Millennial conservatives: We exist.

By Jesse Stokes, EDITOR IN CHIEF
On February 27, 2019

SPECIAL TO THE ORACLE

It’s a tale almost as old as time.

The notion of liberal-college elitists and educators “indoctrinating” their leftist views into the minds of students.

However, isn’t college a time to have a meaningful conversation? Perhaps, even question the ideals you entered with?

There is a difference between indoctrination and testing one’s beliefs. This is not to say that indoctrination never happens.  But, as a Republican, I recognize that “indoctrination” is often used as a conservative-backed scapegoat to make up for our own failure to ensure that the members of our party are educated and informed.

Ahead of 2020, Republicans must realize that college-age students are not lost causes fully devoted to progressive ideals. The college conservatives are out there. We do exist, and in more numbers than one may think.

According to a 2017 study done by the Pew Research Center, 33 percent of millennials — ages 18-35 — self-identify as Republican.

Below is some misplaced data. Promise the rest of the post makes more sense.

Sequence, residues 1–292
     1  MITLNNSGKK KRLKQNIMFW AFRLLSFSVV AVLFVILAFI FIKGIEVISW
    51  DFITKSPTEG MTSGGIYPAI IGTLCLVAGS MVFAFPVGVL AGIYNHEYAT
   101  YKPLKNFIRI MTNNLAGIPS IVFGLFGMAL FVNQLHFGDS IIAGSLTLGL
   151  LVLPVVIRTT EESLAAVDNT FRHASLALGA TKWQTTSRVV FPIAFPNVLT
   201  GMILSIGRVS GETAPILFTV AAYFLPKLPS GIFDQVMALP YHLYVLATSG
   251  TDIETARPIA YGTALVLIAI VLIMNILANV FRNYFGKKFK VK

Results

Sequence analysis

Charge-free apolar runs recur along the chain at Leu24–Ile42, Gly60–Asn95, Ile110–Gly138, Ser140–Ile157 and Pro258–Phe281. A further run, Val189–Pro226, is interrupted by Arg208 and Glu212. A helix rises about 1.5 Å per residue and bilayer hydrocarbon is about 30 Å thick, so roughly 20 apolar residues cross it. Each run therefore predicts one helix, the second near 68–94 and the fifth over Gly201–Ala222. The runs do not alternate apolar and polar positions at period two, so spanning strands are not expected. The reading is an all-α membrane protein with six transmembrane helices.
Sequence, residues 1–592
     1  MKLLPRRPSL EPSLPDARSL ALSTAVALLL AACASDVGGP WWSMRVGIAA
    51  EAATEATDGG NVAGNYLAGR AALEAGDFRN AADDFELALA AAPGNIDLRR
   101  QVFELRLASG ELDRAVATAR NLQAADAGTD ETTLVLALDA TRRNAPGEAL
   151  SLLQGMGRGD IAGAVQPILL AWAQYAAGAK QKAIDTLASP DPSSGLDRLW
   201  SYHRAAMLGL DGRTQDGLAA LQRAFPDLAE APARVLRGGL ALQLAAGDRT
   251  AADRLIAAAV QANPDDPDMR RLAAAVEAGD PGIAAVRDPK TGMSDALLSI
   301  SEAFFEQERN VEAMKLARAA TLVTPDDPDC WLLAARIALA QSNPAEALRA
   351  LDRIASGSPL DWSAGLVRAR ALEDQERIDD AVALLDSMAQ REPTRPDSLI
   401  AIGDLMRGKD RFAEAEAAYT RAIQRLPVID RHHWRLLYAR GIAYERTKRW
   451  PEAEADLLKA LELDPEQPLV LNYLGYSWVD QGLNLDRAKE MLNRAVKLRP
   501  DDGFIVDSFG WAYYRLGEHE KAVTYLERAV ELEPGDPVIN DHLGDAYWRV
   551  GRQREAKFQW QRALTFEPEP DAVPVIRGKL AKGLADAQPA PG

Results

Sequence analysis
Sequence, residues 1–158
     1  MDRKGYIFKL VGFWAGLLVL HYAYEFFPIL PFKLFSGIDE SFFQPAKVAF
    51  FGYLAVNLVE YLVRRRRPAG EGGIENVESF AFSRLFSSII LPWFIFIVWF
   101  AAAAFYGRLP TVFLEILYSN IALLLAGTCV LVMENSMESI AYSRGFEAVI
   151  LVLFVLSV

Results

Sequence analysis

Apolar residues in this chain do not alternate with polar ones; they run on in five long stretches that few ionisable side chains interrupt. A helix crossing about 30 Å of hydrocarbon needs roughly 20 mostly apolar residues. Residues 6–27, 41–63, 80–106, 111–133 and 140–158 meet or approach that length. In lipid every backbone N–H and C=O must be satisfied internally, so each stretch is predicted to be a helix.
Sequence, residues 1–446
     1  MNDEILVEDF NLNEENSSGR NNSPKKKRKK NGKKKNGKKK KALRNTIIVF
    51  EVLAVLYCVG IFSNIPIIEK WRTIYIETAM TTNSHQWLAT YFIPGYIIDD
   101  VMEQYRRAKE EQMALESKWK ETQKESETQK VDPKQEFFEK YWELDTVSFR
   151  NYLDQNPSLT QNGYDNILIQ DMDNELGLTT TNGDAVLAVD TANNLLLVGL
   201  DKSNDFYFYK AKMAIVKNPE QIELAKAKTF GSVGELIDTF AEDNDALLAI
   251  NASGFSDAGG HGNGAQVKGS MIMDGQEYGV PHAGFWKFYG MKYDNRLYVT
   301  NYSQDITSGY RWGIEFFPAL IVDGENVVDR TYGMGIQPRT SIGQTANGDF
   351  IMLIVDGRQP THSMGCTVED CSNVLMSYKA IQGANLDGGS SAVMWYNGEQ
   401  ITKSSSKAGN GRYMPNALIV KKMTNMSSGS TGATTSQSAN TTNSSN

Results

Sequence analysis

Most college and university institutions are not a breeding ground for liberal ideas. They are a place for active conversations and an analyzation of ideas. In the divisive President Donald Trump era, Republican candidates need to indoctrinate themselves with the idea that not all millennials are liberal.

Quite the contrary, in fact.

Take this into account from a local perspective. In his 2018 campaign for governor  of Florida, Ron DeSantis did not visit the USF Tampa campus a single time, even though it is a part of the often sought-after “I-4 corridor.”

But college students are a lost cause for Republican candidates, right?

Wrong.

DeSantis won the election by a margin of less than half a percent.

Perhaps if he had considered the impact of college voters more, he would have had a more secure election.

After all, millennials are rapidly approaching baby boomers — ages 52-70 — for the title of having the most adults of voting age in the U.S.

According to the Pew Research Center, as of 2018, 62 million millennials are eligible to vote in the U.S., whereas baby boomers still held the lead with 70 million.

If conservative candidates want to be successful in the 2020 elections, they will stop looking at the millennial generation as indoctrinated pawns in a Democratic scheme and more as an opportunity to shape the future of their party.

 

 

Jesse Stokes is a junior majoring in political science.

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